Sublime Palm Springs Architectural History, $1.75MAuthor:Philip Ferrato
As one of the architects whose work would define the look of Palm Springs architecture, the role of Donald Wexler (1926-2015) in bringing Mid-century Modernism to the desert cannot be underestimated. With dozens of projects to his credit, this protegé of Richard Neutra would bring an aesthetic of low, sweeping post-and-beam structures to the Coachella Valley, and the elegantly modest home he built for himself and his family in 1955 is no exception. He would go on to expand the house in 1960, and then (in his ‘80s) supervised an impeccable 2008 remodel for a new owner. It’s now on the market for $1.75M. Materials and finishes flow together seamlessly, as do the indoor and outdoor spaces.
Legendary architecture photographer Julius Schulman had this to say about Wexler’s house in 2006, “this house demonstrates how design works today, fifty years later… It’s magnificent. Nothing has changed. Nothing has to be changed.”
Seamlessly and beautifully, however, changes did take place under Wexler’s guidance in 2008. The bathrooms have been completely updated, as have the systems. Original terrazzo flooring has been restored and polished. The property was enclosed in a new privacy wall with sympathetic, subtle landscaping by William Kopelk and Marcello Villano, and new walls of glass bring the outside in.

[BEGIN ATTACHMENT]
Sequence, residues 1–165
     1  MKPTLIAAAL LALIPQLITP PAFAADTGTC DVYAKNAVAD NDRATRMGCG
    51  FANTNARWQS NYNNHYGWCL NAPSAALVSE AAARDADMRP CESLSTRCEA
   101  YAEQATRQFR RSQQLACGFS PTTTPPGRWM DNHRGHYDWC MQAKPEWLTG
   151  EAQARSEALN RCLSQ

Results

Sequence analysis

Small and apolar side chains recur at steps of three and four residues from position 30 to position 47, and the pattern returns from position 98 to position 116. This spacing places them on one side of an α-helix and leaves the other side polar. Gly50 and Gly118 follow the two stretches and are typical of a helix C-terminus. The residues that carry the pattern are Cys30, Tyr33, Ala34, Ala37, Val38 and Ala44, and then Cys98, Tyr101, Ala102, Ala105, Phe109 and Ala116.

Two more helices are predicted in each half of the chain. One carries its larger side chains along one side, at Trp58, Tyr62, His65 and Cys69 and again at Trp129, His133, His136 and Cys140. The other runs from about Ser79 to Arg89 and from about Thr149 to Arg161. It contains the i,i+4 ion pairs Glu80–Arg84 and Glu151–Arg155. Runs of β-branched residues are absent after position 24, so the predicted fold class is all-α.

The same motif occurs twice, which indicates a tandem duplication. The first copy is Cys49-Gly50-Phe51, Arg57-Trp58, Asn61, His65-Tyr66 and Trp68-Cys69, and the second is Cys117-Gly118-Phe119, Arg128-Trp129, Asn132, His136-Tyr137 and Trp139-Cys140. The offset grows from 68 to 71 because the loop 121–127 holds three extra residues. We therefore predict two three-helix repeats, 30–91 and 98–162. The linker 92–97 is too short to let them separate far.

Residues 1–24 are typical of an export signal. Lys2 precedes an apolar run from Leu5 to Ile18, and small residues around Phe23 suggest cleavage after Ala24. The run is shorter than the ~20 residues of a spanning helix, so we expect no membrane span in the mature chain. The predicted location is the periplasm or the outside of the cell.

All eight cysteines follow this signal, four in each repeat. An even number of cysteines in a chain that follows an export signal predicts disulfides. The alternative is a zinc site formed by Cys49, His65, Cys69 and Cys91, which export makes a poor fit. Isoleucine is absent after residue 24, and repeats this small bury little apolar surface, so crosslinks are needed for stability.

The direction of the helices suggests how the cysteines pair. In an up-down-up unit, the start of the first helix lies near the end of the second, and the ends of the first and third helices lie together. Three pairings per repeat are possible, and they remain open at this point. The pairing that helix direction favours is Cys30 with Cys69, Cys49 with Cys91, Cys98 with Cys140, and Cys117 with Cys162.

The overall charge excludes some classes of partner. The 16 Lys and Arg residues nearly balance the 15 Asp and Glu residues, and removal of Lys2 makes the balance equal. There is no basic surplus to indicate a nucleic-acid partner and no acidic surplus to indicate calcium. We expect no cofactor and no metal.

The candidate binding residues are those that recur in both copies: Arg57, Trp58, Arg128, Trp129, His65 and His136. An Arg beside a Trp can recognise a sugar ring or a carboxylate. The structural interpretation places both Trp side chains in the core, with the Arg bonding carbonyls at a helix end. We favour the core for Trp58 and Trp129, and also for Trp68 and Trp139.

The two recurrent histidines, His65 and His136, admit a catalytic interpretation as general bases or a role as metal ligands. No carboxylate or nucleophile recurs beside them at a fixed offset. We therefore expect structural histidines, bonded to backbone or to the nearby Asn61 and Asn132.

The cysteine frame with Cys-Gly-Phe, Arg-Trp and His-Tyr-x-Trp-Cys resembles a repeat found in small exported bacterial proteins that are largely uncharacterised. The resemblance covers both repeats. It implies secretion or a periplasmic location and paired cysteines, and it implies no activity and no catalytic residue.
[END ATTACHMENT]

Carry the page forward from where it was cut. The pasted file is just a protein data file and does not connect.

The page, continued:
Shev Rush and Kevin Lane have restored and lived in two Wexler houses (one of the pioneering Steel Houses and later, the luxurious Leeds-Howard House) and had the opportunity to visit many Wexler-designed properties over the past 15 years. Rush told us, “Wexler’s own house remains one of our absolute favorites. The program is elegant and yet simultaneously totally functional, and one of our favorite things about Don’s work is the siting. The Wexler House is a great example of this, with sufficient privacy from the street giving way to a series of wonderful, discrete outdoor spaces.”
More: Check out Deasy-Penner’s listing and outstanding dedicated site for the property. For more about Donald Wexler impact as an architect and a legend, have a look at Curbed’s comprehensive elegy.